The effect of cadmium on the net N2O production of deep-sea bacteria

  • Maria Leonor Pizarro Bravo Pereira Mendes (Student)

Student thesis: Master's Thesis


Deep-sea bacteria have high environmental importance due to their active role on nutrient cycling, among other activities. Some of these bacteria are responsible for maintaining low natural levels of nitrous oxide (N2O), a powerful greenhouse gas and ozone-depleting, by reducing it to dinitrogen gas (N2), through the denitrification pathway. The growth of deep-sea mining activities may increase the exposure of marine bacteria to toxic concentrations of metals such as cadmium and lead, as well as other rare elements. However, the susceptibility of the N2O-reducing pathway to metal exposure is relatively unknown, especially in deep-sea conditions. The aim of this dissertation is to understand potential impacts of cadmium exposure on net N2O production, by deep-sea bacteria. For this, we used mostly the strain Shewanella loihica PV-4 as a model, a piezotolerant deep-sea isolate with genetic potential to produce and remove N2O. Cadmium exposure experiments started with synthetic air flowing to allow S. loihica PV-4 aerobic growth inside closed bioreactors. When growth reached mid or late exponential phase, gas supply was changed to N2 to create an anoxic environment towards stimulating denitrifying conditions. Headspace gas sampling was performed at seven time points during anoxia to quantify N2O accumulation. Over the same period of time, four liquid culture samples were taken for RNA extraction to assess nirK and nosZ relative expression, two key genes for net N2O production. In the mid-exponential experiment, net N2O production showed a positive flux of 2,307 ± 1,428 ppm/min in the control and a null flux for cadmium treatment. For the control treatment, the ratio nirK/nosZ was 10x times higher than in the cadmium treatment (nirK/nosZCADMIUM = 1,384; nirK/nosZCONTROL = 13,415), supporting the positive flux in this treatment. In the late-exponential experiment, net N2O production fluxes were zero for both treatments, but the background levels of N2O in the cadmium treatment were higher than in the control. Relative expression of nosZ was much higher than nirK (nirK/nosZCADMIUM = 0,008; nirK/nosZCONTROL = 0,007) in the late-exponential stage, explaining the low N2O values quantified in both treatments, when compared to the mid-exponential. Either in the mid-exponential experiment, where cadmium appears to inhibit net N2O production, or in the late-exponential experiment, where cadmium might increase N2O production, this implies that the nitrogen cycle can be altered by cadmium exposure in marine environments.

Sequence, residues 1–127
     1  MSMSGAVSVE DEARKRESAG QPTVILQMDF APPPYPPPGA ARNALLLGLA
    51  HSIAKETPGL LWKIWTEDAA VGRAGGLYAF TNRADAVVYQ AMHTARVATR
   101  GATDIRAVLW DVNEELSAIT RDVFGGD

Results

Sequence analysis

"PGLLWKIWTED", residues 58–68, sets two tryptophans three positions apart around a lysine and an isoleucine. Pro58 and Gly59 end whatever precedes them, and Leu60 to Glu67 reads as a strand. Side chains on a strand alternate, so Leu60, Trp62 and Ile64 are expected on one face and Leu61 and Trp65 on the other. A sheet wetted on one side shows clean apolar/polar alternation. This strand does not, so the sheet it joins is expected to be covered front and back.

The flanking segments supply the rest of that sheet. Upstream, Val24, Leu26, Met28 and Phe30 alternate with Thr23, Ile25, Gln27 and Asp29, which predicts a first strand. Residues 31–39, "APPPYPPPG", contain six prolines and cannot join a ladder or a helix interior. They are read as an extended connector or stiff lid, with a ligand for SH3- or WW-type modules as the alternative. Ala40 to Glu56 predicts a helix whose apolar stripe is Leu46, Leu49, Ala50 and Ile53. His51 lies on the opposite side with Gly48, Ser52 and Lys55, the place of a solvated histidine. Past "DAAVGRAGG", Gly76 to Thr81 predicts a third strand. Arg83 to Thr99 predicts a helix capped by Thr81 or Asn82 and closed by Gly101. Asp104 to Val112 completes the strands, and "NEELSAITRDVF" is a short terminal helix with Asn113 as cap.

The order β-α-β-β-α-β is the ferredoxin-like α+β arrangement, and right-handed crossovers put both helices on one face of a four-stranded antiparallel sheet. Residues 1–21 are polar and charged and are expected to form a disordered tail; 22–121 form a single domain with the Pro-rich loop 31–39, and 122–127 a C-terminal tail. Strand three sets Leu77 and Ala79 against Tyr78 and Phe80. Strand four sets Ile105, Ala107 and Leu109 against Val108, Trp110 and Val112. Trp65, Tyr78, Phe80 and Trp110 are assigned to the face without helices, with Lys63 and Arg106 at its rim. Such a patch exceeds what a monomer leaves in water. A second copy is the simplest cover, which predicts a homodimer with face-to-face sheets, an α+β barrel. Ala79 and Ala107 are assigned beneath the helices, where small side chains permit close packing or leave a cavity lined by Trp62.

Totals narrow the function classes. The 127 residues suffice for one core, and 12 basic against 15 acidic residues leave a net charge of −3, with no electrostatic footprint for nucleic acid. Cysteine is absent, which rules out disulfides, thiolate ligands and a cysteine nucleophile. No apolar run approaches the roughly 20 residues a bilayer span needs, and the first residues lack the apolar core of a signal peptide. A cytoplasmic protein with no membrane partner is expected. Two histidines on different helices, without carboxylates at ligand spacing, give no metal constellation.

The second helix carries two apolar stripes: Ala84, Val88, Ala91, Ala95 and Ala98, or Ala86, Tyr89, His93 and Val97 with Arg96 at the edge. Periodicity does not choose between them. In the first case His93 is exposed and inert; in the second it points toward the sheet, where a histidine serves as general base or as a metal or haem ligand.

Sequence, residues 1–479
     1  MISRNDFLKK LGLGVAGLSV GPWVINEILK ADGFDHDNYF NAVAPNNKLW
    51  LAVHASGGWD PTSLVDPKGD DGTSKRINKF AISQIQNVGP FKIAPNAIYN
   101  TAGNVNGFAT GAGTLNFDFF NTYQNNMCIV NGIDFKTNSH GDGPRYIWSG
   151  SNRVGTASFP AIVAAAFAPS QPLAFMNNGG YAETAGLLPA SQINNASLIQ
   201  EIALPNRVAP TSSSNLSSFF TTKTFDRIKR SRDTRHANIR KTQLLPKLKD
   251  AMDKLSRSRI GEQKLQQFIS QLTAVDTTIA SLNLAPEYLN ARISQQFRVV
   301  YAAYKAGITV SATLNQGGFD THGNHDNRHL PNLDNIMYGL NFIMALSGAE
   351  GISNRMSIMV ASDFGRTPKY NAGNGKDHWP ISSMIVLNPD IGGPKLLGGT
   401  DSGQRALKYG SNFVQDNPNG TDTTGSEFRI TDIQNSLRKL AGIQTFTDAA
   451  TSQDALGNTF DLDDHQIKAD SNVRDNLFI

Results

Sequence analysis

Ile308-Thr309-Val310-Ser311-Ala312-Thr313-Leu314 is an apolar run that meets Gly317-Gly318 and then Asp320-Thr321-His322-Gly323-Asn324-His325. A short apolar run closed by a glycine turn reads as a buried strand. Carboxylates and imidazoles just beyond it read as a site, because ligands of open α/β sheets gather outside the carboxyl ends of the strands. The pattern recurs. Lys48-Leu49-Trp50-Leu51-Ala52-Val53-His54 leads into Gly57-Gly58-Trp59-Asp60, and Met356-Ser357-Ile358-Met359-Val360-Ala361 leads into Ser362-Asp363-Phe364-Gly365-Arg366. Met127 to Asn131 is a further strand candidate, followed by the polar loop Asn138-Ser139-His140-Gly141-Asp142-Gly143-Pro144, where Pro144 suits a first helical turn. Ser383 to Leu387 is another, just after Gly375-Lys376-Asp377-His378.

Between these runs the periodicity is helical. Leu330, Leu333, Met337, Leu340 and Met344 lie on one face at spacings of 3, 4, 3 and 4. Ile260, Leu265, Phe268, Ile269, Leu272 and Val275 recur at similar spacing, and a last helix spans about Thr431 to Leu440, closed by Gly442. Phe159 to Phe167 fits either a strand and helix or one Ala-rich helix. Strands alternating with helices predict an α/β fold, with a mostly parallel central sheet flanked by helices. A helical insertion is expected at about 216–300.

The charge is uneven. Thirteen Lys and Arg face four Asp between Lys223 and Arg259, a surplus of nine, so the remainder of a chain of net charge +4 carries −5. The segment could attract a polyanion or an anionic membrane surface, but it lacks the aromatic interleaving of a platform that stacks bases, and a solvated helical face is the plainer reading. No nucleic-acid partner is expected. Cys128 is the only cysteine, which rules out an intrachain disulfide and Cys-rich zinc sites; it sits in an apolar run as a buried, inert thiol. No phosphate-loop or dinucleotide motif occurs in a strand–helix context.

Date of Award16 Dec 2022
Original languageEnglish
Awarding Institution
  • Universidade Católica Portuguesa
SupervisorMiguel Albergaria Furtado Semedo (Supervisor), Catarina Magalhães (Co-Supervisor) & Maria Fátima Carvalho (Co-Supervisor)


  • Nitrous oxide
  • Deep-sea
  • Denitrification
  • Shewanella


  • Mestrado em Microbiologia Aplicada

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